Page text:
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I currently have a locally tested and working web app that consists of 4 docker containers: Java MVC, NodeJS, Flask, and MongoDB. I have 4 Dockerfiles, one for each, and I manage the builds with docker-compose.yml.

However, now I want to push my code to Heroku and I read the documentation at https://devcenter.heroku.com/articles/container-registry-and-runtime. However, it seems very ambigious about how to use docker-compose on the production line. This is what it says on the docs:

"If you’ve created a multi-container application you can use Docker Compose to define your local development environment. Learn how to use Docker Compose for local development."

Can anyone guide me to some actual code of how I can push my project to the Heroku Container using Heroku's CLI?

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  • Have you created a docker-compose.yml file? If you have Dockerfile to create the docker images to your applications and ports you want to expose and volumes you want to mount. we can create a docker-compose.yml Oct 24, 2017 at 12:56
  • If your applications are dependent on each other we can create compose for all otherwise you have to create the individual docker-compose.yml files Oct 24, 2017 at 12:58
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    @JinnaBalu I already have a docker-compose.yml. However, I am looking for a way to finally push my code to Heroku since the docs are very ambiguous on it. Oct 24, 2017 at 12:58
  • hi @AspiringMat. Did you solve the issue? I'm also checking a way to deploy on heroku a container create by compose, with volumes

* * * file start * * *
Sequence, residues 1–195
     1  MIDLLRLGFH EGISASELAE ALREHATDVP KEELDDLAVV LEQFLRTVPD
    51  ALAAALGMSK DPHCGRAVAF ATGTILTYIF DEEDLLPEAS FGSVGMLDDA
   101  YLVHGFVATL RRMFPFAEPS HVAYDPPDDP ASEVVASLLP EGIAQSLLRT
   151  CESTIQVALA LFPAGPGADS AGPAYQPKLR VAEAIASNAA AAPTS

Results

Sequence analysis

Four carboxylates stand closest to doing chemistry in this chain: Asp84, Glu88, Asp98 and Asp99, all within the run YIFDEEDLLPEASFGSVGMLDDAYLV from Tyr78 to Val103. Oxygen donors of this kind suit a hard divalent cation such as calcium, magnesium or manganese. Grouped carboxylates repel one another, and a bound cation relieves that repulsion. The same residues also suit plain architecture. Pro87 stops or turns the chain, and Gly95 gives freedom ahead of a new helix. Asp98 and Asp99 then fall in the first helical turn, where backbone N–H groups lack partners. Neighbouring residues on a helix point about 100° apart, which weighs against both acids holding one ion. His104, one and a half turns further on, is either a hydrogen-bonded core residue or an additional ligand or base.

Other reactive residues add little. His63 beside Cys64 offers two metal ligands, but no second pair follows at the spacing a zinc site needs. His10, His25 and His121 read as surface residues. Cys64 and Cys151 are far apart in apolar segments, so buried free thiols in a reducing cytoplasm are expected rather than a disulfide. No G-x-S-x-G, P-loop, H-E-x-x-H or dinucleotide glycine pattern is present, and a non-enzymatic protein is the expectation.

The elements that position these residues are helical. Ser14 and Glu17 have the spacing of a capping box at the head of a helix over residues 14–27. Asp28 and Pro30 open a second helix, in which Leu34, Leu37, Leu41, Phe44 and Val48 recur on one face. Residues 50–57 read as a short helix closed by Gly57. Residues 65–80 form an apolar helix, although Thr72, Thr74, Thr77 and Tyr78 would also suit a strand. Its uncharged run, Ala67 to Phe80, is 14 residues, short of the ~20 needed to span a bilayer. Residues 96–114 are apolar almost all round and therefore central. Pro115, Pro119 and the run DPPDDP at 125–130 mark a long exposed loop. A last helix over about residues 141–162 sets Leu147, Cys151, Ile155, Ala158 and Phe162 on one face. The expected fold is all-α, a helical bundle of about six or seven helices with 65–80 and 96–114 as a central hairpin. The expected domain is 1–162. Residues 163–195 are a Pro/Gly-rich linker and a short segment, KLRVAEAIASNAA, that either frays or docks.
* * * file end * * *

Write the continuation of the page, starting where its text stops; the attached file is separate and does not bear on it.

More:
– DeLac
    Sep 15, 2022 at 9:49

3 Answers 3

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Just an update on this question since it seems to be getting a lot of traction lately.

There is now an officially supported "Heroku.yml" solution offered by Heroku. You can now write a .yml file (with a format similar to docker-compose) and Heroku will work out your images. Just follow the link above for details.

Happy Heroku-ing.

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    Couldn't they just support docker-compose files? I don't want to rewrite my files just to run them on heroku and nowhere else but heroku.
    – Jens
    Apr 25, 2019 at 15:31
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    @Jens I hear you. I was wondering the same thing when I read the news. There is probably a reason I am not seeing but it would've made sense to just support docker-compose which is one of the popular options so far. Apr 26, 2019 at 8:03
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    I wouldn't mind writing a heroku config file if I'm using heroku, but rewriting the whole docker-compose seems too much.
    – Jens
    Apr 27, 2019 at 12:23
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    Just a heads up, if you are doing some serious amount of compiling in Docker that requires over the 2gb of default memory ie Angular 8+, then it will cryptically fail on heroku. THERE IS NO DOCUMENTATION ON THIS BEHAVIOR and after working with Heroku support, they won't be allowing adjustments to that either.